Industrial IP


patent is an exclusive right granted by a country to the owner of an invention to make, use, manufacture and market the invention, provided the invention satisfies certain conditions stipulated in the law. Exclusive right implies that no one else can make, use, import manufacture or market the invention without the consent of the patent holder. This right is available for a limited period of time. A patent in the law is a property right and hence, can be gifted, inherited, assigned, sold or licensed. As the right is conferred by the State, it can be revoked by the State under very special circumstances even if the patent has been sold or licensed or manufactured or marketed in the meantime. There is nothing like a global patent or a world patent. The patent right is territorial in nature and inventors/their assignees will have to file separate patent applications in countries of their interest, along with necessary fees, for obtaining patents in those countries. However, there are some regional systems where by filing one application one could simultaneously obtain patents in the member countries of a regional system; European Patent Office is an example of a similar system.

Patent protection helps a patentee to enjoy his patent rights for a certain period of time and then after that period expires the patented invention is made available to the public so that they can use it. Patent protection serves the following purposes:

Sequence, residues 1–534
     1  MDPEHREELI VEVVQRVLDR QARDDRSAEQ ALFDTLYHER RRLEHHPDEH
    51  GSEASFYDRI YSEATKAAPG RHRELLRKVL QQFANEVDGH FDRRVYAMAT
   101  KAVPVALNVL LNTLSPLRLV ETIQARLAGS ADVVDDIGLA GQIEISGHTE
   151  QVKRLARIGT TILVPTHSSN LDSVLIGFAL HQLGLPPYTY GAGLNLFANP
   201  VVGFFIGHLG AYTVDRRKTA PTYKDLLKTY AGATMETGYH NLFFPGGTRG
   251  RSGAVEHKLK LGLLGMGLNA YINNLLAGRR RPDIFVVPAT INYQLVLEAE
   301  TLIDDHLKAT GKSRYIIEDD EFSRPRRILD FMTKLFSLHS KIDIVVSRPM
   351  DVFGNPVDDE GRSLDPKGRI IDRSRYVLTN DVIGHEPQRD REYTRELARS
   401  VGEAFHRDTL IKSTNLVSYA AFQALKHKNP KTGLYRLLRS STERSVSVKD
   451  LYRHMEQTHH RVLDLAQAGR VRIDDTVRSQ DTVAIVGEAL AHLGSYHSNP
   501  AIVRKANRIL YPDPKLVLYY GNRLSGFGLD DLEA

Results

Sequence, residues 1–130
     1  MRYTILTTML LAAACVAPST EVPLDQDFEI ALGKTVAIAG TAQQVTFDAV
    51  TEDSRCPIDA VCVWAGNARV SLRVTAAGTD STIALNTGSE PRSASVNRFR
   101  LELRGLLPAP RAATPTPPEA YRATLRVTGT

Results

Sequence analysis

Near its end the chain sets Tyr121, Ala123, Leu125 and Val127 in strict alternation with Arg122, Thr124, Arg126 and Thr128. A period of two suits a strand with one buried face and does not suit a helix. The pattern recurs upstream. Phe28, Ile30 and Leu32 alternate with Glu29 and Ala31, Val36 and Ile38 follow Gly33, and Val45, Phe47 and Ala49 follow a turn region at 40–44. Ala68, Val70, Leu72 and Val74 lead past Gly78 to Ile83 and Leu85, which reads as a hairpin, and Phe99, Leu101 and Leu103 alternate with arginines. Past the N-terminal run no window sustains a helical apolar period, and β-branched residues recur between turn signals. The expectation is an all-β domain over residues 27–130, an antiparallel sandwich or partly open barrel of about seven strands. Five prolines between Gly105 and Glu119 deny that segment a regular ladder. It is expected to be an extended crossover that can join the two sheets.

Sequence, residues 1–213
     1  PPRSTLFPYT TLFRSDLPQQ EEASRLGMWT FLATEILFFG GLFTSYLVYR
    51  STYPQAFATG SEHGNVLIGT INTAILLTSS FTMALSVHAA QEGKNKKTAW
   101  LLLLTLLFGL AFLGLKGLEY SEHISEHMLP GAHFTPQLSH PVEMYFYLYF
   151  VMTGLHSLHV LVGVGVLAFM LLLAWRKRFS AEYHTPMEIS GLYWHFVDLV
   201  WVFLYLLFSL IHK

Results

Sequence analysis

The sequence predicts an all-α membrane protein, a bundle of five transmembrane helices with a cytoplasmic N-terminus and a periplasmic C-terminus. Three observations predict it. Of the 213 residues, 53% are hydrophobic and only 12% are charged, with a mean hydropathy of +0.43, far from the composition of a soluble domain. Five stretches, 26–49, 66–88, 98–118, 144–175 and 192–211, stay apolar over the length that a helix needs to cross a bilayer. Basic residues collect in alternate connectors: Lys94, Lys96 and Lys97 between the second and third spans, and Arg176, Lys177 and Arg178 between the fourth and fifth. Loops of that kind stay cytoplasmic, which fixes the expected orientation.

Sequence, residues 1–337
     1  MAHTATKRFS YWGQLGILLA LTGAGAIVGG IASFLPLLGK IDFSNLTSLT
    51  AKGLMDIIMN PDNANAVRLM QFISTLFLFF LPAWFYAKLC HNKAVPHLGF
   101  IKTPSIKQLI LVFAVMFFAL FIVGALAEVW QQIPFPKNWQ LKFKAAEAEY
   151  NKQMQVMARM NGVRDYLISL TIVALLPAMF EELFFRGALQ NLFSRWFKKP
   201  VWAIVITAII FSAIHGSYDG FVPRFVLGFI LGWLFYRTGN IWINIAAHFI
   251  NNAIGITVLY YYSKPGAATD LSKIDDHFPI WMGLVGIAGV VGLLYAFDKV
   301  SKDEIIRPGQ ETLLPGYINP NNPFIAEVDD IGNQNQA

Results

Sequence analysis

• It gives protection to a patentable invention for the exclusive use of it by its inventor.
  • It gives a legal recognition to the invention and therefore the inventor’s rights are legally protected and can be enforced by him in the court of law.
  • It also makes others aware of the fact as to whom does the invention belong.
  • It leads to development of the human society as patents are not protected for infinity and so after the expiry of the protection period the invention is made available to the public for use.
  • Patenting ones invention make useful data relating to the invention available to other inventors for further research and development.

For an invention to be patentable, it should qualify the following conditions.